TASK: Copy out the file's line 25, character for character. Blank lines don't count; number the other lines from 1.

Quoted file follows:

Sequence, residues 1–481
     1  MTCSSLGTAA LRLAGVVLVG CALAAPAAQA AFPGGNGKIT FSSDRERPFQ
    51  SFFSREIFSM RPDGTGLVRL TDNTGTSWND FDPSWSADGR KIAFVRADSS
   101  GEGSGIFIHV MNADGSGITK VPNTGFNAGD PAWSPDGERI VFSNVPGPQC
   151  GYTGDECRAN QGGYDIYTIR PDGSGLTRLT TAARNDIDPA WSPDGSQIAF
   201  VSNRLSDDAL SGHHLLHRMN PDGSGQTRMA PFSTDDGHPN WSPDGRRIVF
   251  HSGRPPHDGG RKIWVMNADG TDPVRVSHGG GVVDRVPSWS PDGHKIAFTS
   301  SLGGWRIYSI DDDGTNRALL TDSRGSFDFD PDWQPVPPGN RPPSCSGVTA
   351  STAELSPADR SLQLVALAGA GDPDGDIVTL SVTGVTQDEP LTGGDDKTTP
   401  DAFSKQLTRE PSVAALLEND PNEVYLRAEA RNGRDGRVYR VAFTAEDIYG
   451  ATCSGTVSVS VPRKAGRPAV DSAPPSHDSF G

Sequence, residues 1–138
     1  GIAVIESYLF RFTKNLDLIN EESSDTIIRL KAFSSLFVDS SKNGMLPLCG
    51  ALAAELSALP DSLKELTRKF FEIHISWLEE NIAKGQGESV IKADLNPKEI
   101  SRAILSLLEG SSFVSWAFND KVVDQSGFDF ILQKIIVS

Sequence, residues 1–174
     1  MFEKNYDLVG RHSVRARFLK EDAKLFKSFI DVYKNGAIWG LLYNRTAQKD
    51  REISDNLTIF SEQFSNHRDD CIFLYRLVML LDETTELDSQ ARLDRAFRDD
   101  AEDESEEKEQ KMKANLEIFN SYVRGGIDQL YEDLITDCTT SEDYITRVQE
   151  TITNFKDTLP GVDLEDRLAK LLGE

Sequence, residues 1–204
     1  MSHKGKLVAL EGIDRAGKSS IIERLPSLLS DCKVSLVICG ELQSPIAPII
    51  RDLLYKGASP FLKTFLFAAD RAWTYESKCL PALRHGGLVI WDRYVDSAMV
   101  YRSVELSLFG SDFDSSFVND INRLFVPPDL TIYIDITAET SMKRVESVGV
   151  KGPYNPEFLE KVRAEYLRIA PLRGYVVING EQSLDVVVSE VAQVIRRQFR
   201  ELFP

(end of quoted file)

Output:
   151  KGPYNPEFLE KVRAEYLRIA PLRGYVVING EQSLDVVVSE VAQVIRRQFR